Golden-headed lion tamarin
Striking manes around their head is what gives them the name lion tamarin. All lion tamarins are endangered because of the serious level of destruction of the Atlantic rain forest where they are found.
Interesting fact: All lion tamarins have long fingers and sharp claws to help them catch grubs and bugs in the trees.
Forest canopy and flooded areas in tropical forest fragments in the state of Bahia. The small range means that they are at risk of extinction from habitat loss. This species of tamarin is part of a project to reintroduce captive bred animals back to protected areas of their range.
They feed on fruit, nectar from pods and tree sap. They also hunt for a variety of insects which they find in vine tangles, ferns and leaf litter held within tree branches and boughs. This species will eat gum and sap as part of their diet however unlike many other tamarins this is rare.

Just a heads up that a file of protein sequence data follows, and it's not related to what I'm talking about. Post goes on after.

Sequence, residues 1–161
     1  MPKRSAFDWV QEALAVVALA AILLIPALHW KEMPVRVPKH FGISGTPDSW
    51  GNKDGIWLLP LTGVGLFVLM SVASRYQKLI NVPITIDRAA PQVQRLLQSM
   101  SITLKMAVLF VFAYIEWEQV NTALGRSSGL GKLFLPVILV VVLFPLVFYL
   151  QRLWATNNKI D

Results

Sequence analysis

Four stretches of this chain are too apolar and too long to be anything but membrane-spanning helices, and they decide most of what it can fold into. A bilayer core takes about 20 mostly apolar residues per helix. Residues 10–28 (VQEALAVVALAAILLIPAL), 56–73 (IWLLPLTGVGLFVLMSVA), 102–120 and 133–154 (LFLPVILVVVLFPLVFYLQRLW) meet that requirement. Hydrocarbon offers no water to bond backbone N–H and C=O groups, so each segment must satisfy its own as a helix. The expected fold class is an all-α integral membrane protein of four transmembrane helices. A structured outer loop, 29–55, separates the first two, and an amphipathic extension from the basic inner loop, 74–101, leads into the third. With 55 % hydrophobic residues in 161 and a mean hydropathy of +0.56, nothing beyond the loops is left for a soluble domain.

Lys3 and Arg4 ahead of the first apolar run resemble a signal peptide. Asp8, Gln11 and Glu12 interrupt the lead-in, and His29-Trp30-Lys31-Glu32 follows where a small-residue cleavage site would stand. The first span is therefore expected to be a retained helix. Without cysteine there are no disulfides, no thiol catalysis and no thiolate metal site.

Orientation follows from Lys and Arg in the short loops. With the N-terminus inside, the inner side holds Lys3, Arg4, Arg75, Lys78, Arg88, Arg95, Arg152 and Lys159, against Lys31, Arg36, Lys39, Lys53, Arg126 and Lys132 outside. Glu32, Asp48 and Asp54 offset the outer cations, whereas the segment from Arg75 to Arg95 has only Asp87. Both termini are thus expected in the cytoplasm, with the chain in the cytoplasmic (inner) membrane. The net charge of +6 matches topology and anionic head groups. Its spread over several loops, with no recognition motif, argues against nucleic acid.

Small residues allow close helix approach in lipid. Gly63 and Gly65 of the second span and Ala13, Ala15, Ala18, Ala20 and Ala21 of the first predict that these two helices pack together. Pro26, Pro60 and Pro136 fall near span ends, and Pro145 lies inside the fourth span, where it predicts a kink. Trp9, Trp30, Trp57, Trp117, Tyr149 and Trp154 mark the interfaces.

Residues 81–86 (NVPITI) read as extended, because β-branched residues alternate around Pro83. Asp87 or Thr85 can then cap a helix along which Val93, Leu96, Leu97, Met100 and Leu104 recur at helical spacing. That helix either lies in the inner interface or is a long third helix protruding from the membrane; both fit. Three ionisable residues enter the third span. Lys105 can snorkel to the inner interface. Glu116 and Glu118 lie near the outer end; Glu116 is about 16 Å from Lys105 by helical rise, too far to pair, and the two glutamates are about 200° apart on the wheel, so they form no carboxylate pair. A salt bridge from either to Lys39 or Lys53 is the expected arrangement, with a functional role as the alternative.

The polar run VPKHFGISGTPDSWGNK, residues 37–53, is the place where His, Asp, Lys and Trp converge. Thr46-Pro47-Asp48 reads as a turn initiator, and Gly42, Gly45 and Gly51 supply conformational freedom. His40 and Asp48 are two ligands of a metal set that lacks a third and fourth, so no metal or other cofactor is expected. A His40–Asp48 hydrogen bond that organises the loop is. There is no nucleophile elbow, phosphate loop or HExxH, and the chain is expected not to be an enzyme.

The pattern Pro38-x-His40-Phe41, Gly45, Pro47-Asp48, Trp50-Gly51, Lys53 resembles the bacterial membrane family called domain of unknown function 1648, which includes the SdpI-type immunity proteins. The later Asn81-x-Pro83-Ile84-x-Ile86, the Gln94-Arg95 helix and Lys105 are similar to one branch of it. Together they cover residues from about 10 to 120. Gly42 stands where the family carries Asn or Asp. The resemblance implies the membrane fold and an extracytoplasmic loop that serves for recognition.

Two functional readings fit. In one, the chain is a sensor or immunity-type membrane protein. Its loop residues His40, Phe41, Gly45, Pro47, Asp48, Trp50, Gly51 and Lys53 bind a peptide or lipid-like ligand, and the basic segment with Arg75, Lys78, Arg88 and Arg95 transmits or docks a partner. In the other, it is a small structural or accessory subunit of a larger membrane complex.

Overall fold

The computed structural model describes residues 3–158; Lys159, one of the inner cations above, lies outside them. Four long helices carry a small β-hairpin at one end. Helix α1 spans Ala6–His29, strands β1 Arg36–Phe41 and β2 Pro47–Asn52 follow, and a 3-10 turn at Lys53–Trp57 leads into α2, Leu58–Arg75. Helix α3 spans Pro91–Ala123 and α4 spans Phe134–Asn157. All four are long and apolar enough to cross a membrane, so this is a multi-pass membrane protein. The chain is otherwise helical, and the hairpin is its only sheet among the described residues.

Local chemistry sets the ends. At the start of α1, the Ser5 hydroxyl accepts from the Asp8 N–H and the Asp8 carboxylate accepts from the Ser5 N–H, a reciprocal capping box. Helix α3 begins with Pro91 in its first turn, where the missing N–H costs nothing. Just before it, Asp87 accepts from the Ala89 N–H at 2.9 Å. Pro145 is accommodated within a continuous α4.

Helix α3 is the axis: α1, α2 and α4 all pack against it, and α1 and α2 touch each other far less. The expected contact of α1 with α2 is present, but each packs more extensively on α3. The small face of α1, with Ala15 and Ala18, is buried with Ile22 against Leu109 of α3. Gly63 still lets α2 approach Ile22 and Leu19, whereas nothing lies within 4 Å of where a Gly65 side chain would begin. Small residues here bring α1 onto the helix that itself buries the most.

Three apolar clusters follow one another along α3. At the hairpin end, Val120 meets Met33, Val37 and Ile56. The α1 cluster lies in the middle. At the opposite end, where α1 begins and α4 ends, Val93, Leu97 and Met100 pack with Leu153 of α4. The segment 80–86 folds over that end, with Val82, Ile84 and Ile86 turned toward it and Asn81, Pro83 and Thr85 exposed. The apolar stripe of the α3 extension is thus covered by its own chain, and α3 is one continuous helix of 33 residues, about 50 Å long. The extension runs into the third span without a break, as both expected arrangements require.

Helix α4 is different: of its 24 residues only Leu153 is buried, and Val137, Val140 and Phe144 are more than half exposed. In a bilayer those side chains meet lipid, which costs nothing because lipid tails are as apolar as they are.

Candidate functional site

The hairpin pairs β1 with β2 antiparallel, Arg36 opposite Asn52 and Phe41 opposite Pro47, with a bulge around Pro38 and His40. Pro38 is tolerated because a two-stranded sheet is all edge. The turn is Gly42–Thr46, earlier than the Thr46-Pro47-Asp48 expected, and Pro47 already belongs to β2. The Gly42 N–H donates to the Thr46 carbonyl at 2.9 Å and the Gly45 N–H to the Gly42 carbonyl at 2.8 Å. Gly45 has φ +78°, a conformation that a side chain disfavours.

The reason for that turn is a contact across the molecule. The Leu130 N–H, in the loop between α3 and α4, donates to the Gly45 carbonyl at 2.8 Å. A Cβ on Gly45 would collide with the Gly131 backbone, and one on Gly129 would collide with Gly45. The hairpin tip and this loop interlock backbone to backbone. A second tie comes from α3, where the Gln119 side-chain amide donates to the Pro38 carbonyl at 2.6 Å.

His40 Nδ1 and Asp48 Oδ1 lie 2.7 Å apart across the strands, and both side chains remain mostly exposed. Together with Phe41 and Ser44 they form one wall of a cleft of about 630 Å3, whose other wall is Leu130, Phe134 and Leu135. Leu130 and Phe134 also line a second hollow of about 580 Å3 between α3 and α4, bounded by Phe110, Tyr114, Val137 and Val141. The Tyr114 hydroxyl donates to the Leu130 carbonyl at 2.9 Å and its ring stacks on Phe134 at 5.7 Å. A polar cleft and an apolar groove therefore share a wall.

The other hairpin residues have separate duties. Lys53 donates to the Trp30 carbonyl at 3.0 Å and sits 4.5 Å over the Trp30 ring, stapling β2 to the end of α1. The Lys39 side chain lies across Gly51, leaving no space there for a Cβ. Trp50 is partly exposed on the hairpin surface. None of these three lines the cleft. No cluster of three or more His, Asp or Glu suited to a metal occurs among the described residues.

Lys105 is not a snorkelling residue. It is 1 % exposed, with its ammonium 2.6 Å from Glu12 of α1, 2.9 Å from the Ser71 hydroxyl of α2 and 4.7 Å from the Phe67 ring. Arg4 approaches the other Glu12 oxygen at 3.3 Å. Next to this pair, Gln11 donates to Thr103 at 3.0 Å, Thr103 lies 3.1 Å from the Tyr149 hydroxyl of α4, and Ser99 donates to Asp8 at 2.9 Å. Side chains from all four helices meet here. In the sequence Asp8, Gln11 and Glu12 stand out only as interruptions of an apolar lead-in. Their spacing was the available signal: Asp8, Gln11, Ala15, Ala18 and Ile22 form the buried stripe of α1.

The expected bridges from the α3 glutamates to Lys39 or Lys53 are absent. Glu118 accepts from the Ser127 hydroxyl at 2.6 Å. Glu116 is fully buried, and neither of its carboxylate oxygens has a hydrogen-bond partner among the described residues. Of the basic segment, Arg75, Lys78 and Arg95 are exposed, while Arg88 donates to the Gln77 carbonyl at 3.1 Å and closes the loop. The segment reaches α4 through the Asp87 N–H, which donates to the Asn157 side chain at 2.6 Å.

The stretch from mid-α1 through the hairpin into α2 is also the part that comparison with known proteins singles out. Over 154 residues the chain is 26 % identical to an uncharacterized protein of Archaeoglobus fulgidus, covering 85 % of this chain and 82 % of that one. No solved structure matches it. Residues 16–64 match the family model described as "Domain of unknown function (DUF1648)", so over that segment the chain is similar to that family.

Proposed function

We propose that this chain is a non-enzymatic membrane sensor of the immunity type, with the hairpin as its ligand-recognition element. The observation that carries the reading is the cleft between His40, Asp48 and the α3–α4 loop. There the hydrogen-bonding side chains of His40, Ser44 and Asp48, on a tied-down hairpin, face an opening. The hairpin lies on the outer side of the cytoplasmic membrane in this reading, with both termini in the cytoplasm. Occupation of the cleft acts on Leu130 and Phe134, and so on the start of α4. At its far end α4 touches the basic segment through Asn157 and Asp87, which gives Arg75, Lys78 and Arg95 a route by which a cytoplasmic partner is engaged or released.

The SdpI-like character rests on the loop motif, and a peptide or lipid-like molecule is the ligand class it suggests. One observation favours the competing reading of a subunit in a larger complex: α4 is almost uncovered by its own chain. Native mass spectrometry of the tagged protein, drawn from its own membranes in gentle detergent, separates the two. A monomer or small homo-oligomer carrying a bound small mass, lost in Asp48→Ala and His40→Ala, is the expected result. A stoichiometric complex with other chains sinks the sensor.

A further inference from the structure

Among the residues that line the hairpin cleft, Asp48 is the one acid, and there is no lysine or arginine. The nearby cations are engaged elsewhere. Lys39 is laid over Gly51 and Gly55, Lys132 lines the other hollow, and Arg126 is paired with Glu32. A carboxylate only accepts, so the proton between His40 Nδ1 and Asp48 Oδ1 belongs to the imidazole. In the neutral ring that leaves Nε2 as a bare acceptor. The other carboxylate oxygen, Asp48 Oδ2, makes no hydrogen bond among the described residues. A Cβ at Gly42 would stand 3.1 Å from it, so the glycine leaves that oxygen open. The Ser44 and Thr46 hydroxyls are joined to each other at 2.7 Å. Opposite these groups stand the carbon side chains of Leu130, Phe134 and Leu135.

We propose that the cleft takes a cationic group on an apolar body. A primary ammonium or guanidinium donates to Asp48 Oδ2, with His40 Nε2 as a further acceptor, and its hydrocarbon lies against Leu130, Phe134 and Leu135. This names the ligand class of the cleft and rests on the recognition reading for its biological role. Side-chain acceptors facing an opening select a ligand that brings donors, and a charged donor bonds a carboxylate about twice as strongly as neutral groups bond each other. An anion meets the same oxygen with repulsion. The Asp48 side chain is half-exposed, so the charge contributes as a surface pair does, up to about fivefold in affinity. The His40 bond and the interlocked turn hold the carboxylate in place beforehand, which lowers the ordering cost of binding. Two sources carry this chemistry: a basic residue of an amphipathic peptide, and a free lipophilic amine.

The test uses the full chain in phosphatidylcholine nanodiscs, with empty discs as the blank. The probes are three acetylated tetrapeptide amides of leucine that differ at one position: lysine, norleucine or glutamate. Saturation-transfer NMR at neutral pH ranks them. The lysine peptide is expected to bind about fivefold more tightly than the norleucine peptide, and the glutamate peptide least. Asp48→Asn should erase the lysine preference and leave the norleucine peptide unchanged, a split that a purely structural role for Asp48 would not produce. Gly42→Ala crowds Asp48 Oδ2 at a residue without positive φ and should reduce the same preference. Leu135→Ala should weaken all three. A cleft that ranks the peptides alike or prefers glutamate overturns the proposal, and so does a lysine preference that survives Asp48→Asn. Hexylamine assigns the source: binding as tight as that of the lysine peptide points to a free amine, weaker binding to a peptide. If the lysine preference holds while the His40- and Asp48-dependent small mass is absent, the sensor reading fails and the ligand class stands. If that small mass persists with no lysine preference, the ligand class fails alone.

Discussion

Breeding and social dynamics
Golden-headed lion tamarins live in family groups of 10 or more. Multi male and female groups occur in the wild. Following a gestation of between 125-130 days the female will normally give birth to twins and as with many tamarins, older siblings and the male will take turns in baby-sitting.
Part of a managed European breeding programme.